Radio

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Radio

  1. 1. Media, power and culture
  2. 2. Overcoming Obstacles <ul><li>Print </li></ul><ul><ul><li>Transcends distance </li></ul></ul><ul><ul><li>Books, newspapers, magazines </li></ul></ul>
  3. 3. Overcoming obstacles <ul><li>Electronics </li></ul><ul><ul><li>Transcends TIME </li></ul></ul><ul><ul><li>Radio, television and the Internet </li></ul></ul>
  4. 4. What happened? <ul><li>What happens when information can be transmitted immediately? </li></ul>
  5. 5. What happens? <ul><li>Mobilize the public </li></ul><ul><li>Everyone experiences it at once </li></ul>
  6. 6. History <ul><li>Marconi to Stern </li></ul>
  7. 7. Regulation <ul><li>191o – Wireless Ship Act </li></ul><ul><ul><li>All ships using U.S. ports and carrying more than 50 passengers have a working wireless and operator. </li></ul></ul><ul><ul><li>The Titanic incident </li></ul></ul><ul><ul><li>Led to the Radio Act of 1912 </li></ul></ul><ul><ul><ul><li>Required operators to be licensed by the Secretary of Commerce and Labor </li></ul></ul></ul>
  8. 8. Radio Act of 1912 <ul><li>Established authorities </li></ul><ul><ul><li>Frequencies were assigned, licenses were issued and could be revoked, fines were instituted </li></ul></ul><ul><ul><li>The government was trying to get in early on regulating what would become broadcasting. </li></ul></ul><ul><ul><li>Angered operators </li></ul></ul><ul><ul><li>Act was challenged, repealed and chaos ensued </li></ul></ul>
  9. 9. 1927 <ul><li>Industry leaders petitioned Commerce Commissioner Herbert Hoover </li></ul><ul><li>Radio Act of 1927 restored order </li></ul><ul><ul><li>Operators could USE the channels which belonged to the public, but could not own them. </li></ul></ul><ul><ul><li>“Caretakers” of the airwaves, considered a national resource </li></ul></ul><ul><ul><li>Federal Radio Commission (FRC) was established </li></ul></ul>
  10. 10. FRC <ul><li>When a license was awarded the standard of evaluation would be: </li></ul><ul><ul><li>Public Interest </li></ul></ul><ul><ul><li>Convenience, or </li></ul></ul><ul><ul><li>Necessity </li></ul></ul>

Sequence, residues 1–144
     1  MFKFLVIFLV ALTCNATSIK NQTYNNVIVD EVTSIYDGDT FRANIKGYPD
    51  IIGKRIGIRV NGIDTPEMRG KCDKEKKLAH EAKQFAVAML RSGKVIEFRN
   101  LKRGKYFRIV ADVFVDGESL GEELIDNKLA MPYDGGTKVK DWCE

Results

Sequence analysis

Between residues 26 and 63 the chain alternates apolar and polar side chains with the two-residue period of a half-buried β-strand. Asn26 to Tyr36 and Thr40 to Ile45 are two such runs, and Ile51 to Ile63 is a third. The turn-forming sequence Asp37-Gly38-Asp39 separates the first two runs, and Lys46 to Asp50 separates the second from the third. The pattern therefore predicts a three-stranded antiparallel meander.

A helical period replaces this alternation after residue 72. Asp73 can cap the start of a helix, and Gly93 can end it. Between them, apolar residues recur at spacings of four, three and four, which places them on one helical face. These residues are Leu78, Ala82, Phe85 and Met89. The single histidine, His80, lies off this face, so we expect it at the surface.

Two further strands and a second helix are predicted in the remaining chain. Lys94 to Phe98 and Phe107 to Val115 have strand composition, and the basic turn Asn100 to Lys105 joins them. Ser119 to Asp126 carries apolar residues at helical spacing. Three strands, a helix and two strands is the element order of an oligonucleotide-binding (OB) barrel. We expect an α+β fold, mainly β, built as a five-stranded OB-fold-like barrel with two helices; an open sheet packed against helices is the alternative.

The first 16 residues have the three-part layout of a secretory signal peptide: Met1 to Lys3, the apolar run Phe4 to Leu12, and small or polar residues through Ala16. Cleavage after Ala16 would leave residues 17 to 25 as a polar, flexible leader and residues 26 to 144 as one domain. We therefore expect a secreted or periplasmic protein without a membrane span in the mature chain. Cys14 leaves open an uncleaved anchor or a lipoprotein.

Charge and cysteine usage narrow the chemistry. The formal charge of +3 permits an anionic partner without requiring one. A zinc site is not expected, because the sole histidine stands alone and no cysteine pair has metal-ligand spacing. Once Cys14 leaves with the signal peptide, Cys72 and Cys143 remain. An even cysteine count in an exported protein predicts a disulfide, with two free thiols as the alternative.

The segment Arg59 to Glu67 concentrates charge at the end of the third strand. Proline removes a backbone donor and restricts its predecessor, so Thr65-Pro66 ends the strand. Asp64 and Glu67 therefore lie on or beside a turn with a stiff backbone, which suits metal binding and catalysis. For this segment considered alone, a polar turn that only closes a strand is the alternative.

11. 11. Why regulate? <ul><li>Spectrum scarcity – only so much available, so if you wanted to broadcast, you had to accept regulation </li></ul><ul><li>Influence – broadcasting reached virtually everyone in society – regulation controlled its power. </li></ul>
  12. 12. Communications Act of 1934 <ul><li>Replaces Act of 1927 – replaced the FRC with the Federal Communications Commission (FCC) which continues today. </li></ul><ul><li>Regulation by the government allowed them to take all licenses during war time to use the airwaves for national “need” reissued when war ended. </li></ul>
  13. 13. Deregulation <ul><li>Previous regulation limited the number of stations one entity could own </li></ul><ul><li>Telecommunications Act of 1996 – eliminated national ownership limits. One owner or company can own as many as 8 stations in one market, depending on the size of the market. </li></ul><ul><li>What kind of impact does this have? </li></ul>
  14. 14. Music recording <ul><li>Television or MP3s? Which had the most impact on the recording industry? </li></ul><ul><li>What’s going to happen? </li></ul>
  15. 15. George Carlin <ul><li>FCC vs. Pacifica Foundation </li></ul><ul><ul><li>Narrow 5 to 4 decision by the Supreme Court saying the government could regulate what they considered indecent material on public airwaves. </li></ul></ul><ul><ul><li>History Channel </li></ul></ul>

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